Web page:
Long waiting lists for appointments with a hearing specialist will get even longer after the Saskatoon Health Region cut two audiology jobs, according to the union representing health professionals in Saskatchewan.
Two audiologists, one in Saskatoon and another in Prince Albert, Sask., lost their jobs last month when the health region cut 70 positions in an effort to balance its budget.
- 70 people laid off as Saskatoon Health Region looks to balance budget
- Reinvest in health care, and reverse Saskatoon cuts says union
Both specialists worked on the health region's hearing aid plan, which provides evaluations and fittings for children and adult patients.
People in the Prince Albert Parkland Health Region will now need to travel to Saskatoon to access the publicly-funded program.
The Saskatoon Health Region said in a statement that it was looking at ways to improve access and reduce wait lists.
"This includes working with our teams on how we can validate the need of those on the wait list and improve our service," it said.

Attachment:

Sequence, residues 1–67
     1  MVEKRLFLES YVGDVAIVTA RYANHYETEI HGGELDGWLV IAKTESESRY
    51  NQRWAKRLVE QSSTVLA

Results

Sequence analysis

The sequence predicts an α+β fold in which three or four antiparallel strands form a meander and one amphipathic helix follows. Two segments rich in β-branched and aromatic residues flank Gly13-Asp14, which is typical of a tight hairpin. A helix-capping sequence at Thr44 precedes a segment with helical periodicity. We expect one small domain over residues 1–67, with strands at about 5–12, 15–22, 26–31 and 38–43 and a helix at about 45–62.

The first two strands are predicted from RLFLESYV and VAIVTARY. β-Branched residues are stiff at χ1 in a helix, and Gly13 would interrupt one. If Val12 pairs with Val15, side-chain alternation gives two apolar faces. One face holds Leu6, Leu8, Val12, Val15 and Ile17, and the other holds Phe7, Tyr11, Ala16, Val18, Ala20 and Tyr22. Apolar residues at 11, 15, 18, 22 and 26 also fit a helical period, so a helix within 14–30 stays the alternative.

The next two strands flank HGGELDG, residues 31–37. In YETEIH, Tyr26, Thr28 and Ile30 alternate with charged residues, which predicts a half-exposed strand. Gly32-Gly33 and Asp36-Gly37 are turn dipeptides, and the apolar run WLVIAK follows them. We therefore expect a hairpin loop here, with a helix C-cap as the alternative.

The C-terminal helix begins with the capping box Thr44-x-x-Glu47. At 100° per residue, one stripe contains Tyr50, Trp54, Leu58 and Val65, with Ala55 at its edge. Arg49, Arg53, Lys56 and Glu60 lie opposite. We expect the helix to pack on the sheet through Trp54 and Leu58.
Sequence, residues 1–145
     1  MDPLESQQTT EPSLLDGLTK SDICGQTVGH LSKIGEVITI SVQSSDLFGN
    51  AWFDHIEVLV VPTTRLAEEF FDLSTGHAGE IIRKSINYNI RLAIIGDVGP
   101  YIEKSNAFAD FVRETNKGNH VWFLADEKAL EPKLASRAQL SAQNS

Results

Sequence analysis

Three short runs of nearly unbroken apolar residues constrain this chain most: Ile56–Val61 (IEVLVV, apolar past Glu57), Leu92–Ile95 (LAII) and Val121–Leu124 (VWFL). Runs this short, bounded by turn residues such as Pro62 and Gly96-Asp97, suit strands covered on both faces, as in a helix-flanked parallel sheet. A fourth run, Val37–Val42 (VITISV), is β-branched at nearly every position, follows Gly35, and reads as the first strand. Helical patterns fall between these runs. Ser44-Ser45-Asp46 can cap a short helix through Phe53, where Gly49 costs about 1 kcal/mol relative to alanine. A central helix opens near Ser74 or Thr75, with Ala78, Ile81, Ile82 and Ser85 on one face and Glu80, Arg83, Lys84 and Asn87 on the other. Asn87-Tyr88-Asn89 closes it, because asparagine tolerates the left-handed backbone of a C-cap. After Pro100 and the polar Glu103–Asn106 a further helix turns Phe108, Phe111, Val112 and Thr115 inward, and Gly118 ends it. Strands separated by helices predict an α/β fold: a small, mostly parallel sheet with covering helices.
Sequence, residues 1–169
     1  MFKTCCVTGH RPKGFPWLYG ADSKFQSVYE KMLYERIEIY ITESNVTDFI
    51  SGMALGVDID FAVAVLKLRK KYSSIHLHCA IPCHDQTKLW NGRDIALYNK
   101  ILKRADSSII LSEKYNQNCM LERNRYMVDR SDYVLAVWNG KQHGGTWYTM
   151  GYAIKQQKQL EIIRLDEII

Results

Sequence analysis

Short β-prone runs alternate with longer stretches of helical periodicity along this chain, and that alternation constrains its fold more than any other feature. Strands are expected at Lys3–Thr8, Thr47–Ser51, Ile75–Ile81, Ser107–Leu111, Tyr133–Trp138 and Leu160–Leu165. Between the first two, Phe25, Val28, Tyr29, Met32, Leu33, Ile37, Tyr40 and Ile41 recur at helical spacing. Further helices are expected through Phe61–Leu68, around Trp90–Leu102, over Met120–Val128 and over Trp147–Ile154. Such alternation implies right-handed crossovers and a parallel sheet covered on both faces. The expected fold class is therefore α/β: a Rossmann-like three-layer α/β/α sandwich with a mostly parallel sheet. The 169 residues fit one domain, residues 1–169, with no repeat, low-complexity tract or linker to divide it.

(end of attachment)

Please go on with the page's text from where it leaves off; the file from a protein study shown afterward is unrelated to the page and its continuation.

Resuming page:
"Residents, though, can continue to access private audiology services provided in the community."
It did not say how long adult patients are currently waiting to see a hearing specialist in Saskatoon, but it said children were seen within four to six weeks.
Huge impact, says union president
Health Sciences Association of Saskatchewan president Karen Wasylenko said patients were already waiting 16 months or longer to see an audiologist in Saskatoon.
Wasylenko said losing the hearing specialist in Prince Albert would have a huge impact on patients in northern communities.
"There is no publicly funded service north of Saskatoon and significant travel may be required," she said in an email to CBC.
"The elderly, the ill, and persons with limited financial resources, including access to a vehicle or funds to pay for bus tickets, will be significantly disadvantaged."
Increasing pressure on Saskatoon
She said former Prince Albert patients would now be seeking treatment in Saskatoon, increasing pressure on that system.
Wasylenko believes children will be among the worst affected because hearing problems limit their ability to learn speech and language.
She questioned why more health jobs were not created when the province was booming to lessen the impact when economic times got tough.
"We're cutting into programs that are going to impact for a very long time into next generations," she said.
The health region now has four full-time equivalent audiology positions working on its hearing aid plan in Saskatoon, and three working with the department of audiology at Royal University Hospital.